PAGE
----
CGIAR announces new breeding data strategy and endorses single data platform

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To boost the efficiency and sustainability of its data-driven breeding efforts, CGIAR has endorsed a new strategy ensuring all network partners use a single data system. The strategy also creates a new organizational unit to manage, develop, and maintain data management tools.  

The Enterprise Breeding System (EBS) has been chosen as the preferred data management system of CGIAR. However, as many partners will continue to use other systems in the next years, they will continue to be supported by GI during a transition period.  

CGIAR breeding programs have been adopting the EBS over the past three years, and now the GI Management Team has decided to further unify data platforms. The decision was strongly guided by CCGIG – the Champions & Challengers Genetic Innovation Group – the advisory body for the science group. The Group made the recommendation in April, after a thorough evaluation of various systems and its integration with long term GI strategy. 

“Modern breeding requires real-time data flows and networks that cut across crops and programs,” says Breeding Research Services Senior Director, Sharifah Shahrul Syed Alwee. “Full adoption of EBS is a transformational change, and ensures CGIAR networks will be efficient, effective, and able to make the most strategic data-driven decisions.” 

CGIAR hopes all breeding programs will adopt EBS within the next few years, after the transition phase where other breeding data management systems will co-exist with EBS.  

To ensure efficient adoption and management of CGIAR’s data and technology solutions, a dedicated organizational unit called Breeding Information Management and Technology (BIMT) will be established within the BRS department. This unit, which already today leads and manages all EBS efforts as part of the Breeding Resources Initiative, aims to launch as BIMT by early 2024. This aligns with the final stages of EBS’s core development and its transition into a continuous improvement mode. 

Current status of EBS: current users and those adopting

The BIMT unit will be responsible for managing, developing, and maintaining data management tools used for breeding, with EBS as its backbone. As an example of that expanded responsibility, support will be provided to the Breeding Management System (BMS) users that had been funded through CGIAR Excellence in Breeding (EiB) until 2023, including all CGIAR Centers and some national agricultural research and extension services (NARES). This support follows the successful user-support approach developed by the EBS Team and will ensure BMS users continue to receive high-quality issue resolution while they gradually transition to EBS over the next years. More details will be shared with current BMS users in subsequent communications.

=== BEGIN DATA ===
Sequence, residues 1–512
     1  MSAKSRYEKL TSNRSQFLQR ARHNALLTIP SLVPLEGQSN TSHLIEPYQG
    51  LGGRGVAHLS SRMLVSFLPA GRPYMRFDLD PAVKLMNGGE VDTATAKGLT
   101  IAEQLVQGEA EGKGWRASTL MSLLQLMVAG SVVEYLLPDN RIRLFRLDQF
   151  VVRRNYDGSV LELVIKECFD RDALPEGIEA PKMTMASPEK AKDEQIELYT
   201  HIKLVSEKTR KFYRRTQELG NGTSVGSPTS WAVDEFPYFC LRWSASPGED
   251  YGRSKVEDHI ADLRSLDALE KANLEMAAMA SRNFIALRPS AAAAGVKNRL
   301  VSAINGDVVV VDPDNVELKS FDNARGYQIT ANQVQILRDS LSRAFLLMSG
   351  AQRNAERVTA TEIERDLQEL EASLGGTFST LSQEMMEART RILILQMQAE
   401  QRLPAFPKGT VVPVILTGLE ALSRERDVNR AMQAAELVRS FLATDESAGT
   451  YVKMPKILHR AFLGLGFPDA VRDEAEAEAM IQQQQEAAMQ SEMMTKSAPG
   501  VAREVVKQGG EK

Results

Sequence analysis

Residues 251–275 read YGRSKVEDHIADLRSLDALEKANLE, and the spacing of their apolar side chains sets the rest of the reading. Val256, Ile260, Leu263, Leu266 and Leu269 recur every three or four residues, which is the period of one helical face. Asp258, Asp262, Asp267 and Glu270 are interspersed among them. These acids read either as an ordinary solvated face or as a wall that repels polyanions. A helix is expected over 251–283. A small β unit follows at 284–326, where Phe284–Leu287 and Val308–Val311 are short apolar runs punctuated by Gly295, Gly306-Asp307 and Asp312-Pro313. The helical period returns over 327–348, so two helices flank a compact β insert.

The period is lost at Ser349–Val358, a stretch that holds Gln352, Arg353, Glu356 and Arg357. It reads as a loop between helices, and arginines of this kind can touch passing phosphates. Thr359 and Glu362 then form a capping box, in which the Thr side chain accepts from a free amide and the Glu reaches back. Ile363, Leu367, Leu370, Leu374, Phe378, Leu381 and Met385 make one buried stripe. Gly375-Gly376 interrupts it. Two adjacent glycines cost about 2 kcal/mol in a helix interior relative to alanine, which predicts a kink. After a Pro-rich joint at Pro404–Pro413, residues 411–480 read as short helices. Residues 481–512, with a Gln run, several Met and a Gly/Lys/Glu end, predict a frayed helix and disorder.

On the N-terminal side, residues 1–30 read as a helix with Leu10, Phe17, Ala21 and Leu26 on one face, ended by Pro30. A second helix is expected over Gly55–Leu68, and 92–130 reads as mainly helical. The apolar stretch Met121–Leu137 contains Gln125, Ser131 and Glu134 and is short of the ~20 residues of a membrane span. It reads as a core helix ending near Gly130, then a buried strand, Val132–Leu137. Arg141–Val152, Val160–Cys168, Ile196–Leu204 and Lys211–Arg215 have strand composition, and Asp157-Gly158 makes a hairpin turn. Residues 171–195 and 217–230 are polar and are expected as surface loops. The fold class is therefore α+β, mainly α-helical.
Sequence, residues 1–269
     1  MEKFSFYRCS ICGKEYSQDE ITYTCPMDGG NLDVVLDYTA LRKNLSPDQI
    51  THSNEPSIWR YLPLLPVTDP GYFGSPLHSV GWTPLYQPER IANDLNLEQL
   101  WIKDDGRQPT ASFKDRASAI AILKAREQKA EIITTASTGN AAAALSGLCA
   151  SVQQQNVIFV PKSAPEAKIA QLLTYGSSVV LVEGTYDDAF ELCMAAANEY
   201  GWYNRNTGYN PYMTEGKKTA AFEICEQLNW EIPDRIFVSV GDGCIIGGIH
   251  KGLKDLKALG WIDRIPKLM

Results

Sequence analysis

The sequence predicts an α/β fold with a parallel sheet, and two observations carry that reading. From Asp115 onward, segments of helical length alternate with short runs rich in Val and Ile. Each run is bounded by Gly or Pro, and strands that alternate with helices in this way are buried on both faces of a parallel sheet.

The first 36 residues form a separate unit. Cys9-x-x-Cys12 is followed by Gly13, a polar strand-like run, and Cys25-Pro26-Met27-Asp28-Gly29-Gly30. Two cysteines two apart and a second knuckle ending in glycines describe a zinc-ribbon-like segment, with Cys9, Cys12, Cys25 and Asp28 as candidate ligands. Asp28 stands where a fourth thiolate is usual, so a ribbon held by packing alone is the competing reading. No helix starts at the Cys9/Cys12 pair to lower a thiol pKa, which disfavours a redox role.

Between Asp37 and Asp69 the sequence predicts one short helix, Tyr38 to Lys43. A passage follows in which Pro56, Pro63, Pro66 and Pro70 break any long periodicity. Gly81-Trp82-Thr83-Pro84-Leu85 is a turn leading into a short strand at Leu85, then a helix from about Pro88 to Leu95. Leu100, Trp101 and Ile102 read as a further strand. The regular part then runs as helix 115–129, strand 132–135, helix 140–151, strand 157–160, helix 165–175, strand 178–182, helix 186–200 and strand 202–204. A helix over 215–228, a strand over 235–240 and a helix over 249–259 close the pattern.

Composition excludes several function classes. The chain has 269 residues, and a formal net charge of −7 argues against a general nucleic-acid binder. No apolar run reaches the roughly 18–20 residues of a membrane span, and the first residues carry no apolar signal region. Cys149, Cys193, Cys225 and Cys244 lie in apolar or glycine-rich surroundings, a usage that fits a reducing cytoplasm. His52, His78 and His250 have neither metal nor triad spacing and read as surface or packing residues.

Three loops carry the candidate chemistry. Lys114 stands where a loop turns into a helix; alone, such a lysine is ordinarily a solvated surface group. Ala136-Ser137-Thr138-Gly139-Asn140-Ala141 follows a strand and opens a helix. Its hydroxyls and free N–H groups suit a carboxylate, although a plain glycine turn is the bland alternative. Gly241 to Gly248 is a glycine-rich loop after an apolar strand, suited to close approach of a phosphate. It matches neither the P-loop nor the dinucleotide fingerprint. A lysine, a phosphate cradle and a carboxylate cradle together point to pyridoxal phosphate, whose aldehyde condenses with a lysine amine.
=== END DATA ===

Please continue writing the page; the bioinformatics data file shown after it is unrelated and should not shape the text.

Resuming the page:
“We look forward to universal adoption of a common database system as CGIAR/NARES continue modernizing for impact in farmers’ fields,” says GIZ’s Sarah Schmidt, convenor of the Champions & Challengers of Genetic Innovation Group. “We’re pleased with the progress we’ve seen and expect a balanced but focused transition to a single breeding data plat to bring even more speed, accuracy and efficiency to CGIAR-NARES breeding efforts.”

Developed as a centrally deployed “software as a service,” EBS supports a diverse array of breeding programs, making it easier and less expensive to manage over time. The system aims to support core breeding activities such as germplasm inventory management, trial design, field operations, phenotyping, sample tracking, genotyping, data analysis and decision support.  Development is aimed to enable shared instances for breeding networks as well as economical deployment of institution specific instances.

In 2022, rice, maize, and wheat breeding programs at IRRI, AfricaRice, CIMMYT, and IITA successfully deployed EBS, while other Centers continue to follow in 2023. The national NARES partners will soon become important collaborators in the same breeding networks as well.


We would like to thank all funders who support this research through their contributions to the CGIAR Trust Fund. And thank you to the supporters  and partners of CGIAR Excellence in Breeding, particularly the funding from Bill and Melinda Gates Foundation. Main image: IRRI.

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